Debtor was current on Plan payments to that point but did not pay the interest payment scheduled for December, 1990 after receipt of the Notice of Deficiency. The parties agreed in the Amended Joint Pretrial Statement that Debtor and his Plan creditors would be injured as a result of allowing the IRS to collect a $1,500,000 claim at that late stage in Debtor's rehabilitation.

On December 7, 1990, Debtor filed an adversary complaint in bankruptcy court pursuant to 11 U.S.C. § 505(b)(1). Debtor and his spouse each also filed a petition with the United States Tax Court for redetermination of the liability deficiencies claimed by the IRS within 90 days from the issuance of the Notice of Deficiency. The Tax Court petitions, filed in January, 1991, were not heard before this court's hearing of Debtor's adversary action.


Debtor filed a Complaint for Determination of Tax Liability pursuant to 11 U.S.C. § 505(b), presenting several issues for trial. The first issue was whether Debtor made a timely § 1398 election and was entitled to file short year tax returns for 1986. The timeliness issue turned on whether an involuntary bankruptcy case commences upon filing of the petition or upon entry of the Order for Relief for purposes of Section 1398.1

The second issue was the amount of Kreidle's and the estate's available net operating loss carrybacks and whether NOL carrybacks and carryforwards were sufficient to offset any tax liability for 1986 and 1987, specifically liability arising from cancellation of debt income as a result of the bankruptcy discharge. This involved a determination whether losses were capital or ordinary losses.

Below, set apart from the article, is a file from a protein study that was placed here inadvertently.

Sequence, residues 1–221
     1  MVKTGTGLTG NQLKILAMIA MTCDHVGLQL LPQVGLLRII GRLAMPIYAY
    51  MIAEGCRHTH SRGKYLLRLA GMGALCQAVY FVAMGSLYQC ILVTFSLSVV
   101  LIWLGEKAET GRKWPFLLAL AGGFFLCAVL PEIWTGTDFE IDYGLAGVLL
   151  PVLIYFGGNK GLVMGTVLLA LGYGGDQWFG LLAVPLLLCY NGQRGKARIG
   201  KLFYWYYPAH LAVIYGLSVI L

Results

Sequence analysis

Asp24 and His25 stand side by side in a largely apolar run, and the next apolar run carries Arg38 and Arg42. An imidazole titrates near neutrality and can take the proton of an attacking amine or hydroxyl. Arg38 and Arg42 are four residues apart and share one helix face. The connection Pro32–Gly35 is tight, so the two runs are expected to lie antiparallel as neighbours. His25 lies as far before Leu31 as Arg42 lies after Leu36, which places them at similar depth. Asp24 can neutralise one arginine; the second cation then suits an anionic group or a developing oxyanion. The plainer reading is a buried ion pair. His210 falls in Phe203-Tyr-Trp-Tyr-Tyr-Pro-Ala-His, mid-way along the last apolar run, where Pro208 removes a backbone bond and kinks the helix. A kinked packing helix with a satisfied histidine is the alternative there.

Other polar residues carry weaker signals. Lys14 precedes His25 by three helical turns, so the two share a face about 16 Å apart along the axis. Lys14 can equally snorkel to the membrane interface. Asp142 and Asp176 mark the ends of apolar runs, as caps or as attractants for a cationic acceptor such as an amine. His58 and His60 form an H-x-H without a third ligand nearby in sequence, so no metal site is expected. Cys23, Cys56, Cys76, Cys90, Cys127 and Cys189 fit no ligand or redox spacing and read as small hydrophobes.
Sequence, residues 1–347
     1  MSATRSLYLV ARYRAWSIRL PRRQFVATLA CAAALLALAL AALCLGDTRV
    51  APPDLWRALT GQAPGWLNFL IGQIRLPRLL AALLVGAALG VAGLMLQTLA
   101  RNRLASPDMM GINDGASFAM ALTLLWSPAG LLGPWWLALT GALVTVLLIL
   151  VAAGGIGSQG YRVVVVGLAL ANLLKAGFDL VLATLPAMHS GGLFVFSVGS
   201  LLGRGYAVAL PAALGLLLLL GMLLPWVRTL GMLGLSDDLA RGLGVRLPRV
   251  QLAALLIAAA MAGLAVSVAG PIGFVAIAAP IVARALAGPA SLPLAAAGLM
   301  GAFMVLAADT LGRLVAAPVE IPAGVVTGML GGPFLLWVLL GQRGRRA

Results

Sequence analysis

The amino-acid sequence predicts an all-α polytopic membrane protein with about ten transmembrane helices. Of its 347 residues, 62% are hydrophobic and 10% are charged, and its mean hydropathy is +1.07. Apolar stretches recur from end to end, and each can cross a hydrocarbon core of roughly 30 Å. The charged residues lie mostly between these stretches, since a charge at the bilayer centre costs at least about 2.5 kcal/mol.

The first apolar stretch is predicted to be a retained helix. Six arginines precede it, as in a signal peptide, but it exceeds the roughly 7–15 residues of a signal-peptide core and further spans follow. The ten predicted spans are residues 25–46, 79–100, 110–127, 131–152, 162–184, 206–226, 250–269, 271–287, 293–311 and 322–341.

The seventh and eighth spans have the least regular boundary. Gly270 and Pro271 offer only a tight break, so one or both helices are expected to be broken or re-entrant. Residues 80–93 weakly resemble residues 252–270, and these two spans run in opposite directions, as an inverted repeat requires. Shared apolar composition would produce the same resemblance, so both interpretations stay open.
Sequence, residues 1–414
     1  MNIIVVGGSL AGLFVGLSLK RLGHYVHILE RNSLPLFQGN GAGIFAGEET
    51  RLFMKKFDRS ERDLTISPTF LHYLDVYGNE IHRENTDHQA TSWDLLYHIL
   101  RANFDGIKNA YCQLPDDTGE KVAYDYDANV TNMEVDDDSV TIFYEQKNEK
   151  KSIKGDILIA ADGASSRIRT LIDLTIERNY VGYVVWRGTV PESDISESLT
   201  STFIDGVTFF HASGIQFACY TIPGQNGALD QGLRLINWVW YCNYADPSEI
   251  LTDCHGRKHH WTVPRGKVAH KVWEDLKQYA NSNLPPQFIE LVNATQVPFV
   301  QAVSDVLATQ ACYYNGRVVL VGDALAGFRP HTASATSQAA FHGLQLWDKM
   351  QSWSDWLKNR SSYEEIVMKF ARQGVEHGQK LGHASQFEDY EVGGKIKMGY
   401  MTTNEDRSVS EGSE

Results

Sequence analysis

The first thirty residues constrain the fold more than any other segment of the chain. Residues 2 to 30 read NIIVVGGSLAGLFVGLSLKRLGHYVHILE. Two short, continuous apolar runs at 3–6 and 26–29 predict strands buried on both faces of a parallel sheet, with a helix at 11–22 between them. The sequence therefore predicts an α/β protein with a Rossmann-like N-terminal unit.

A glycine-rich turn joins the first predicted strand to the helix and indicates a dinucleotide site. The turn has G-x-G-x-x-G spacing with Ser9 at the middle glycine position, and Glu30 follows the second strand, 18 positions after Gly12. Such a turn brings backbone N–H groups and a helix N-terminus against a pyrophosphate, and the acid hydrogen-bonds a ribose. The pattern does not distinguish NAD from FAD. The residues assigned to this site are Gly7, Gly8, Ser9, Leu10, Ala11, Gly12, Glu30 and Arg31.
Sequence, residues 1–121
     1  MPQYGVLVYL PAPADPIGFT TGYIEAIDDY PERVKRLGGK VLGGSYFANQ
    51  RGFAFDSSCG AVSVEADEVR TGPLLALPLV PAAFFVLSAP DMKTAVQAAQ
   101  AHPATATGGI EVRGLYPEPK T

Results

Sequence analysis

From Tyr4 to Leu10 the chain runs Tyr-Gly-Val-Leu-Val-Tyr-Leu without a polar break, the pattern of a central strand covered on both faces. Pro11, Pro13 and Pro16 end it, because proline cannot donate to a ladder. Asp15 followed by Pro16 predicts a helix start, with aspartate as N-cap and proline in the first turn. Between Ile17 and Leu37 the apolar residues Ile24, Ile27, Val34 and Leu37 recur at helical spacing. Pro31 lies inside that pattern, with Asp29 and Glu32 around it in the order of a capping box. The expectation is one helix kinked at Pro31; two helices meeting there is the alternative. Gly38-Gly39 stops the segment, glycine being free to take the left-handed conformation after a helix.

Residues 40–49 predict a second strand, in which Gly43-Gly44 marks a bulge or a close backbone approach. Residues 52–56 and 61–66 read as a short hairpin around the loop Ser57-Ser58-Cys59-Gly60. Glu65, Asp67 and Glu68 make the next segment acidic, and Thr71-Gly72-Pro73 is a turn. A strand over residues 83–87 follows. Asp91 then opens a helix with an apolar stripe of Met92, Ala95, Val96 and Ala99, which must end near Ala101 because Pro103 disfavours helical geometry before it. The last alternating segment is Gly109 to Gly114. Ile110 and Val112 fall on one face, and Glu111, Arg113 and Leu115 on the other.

The IRS argued the bankruptcy estate, as a separate taxpayer under the Tax Code, used up all favorable tax attributes, so Debtor was not entitled to take carryback net operating losses to offset the alleged increase in income taxes for 1986. Debtor argued that regardless of disposition of other issues raised in the complaint, the IRS incorrectly eliminated the net operating losses based on an incorrect calculation of cancellation of indebtedness income. The IRS objected to inclusion of this issue at trial, claiming surprise. The issue of cancellation of debt was not directly raised in Debtor's Complaint, but the parties were on notice the issue was pending. It was discussed in pretrial conferences and included in the Pretrial Statement filed three weeks before trial.

The third issue was whether there was substantial authority to support Debtor's position on his submitted tax returns for 1986 and 1987, or whether Debtor was liable for penalties pursuant to I.R.C. § 6661 for substantial understatement of income.

The fourth issue was whether Debtor was entitled to a charitable contribution carryover deduction for 1987. This required determination of the amount and nature of the estate's tax attributes, and whether they were consumed by the estate's tax liability or flowed out to Debtor upon confirmation of the Plan.

The fifth issue was whether the IRS was estopped from collecting the alleged deficiency based on reliance by Debtor and his creditors on the amount of tax liability shown in the First Amended Disclosure Statement, in confirming the Plan, and making payments under the plan for several years before issuance of the Notice of Deficiency.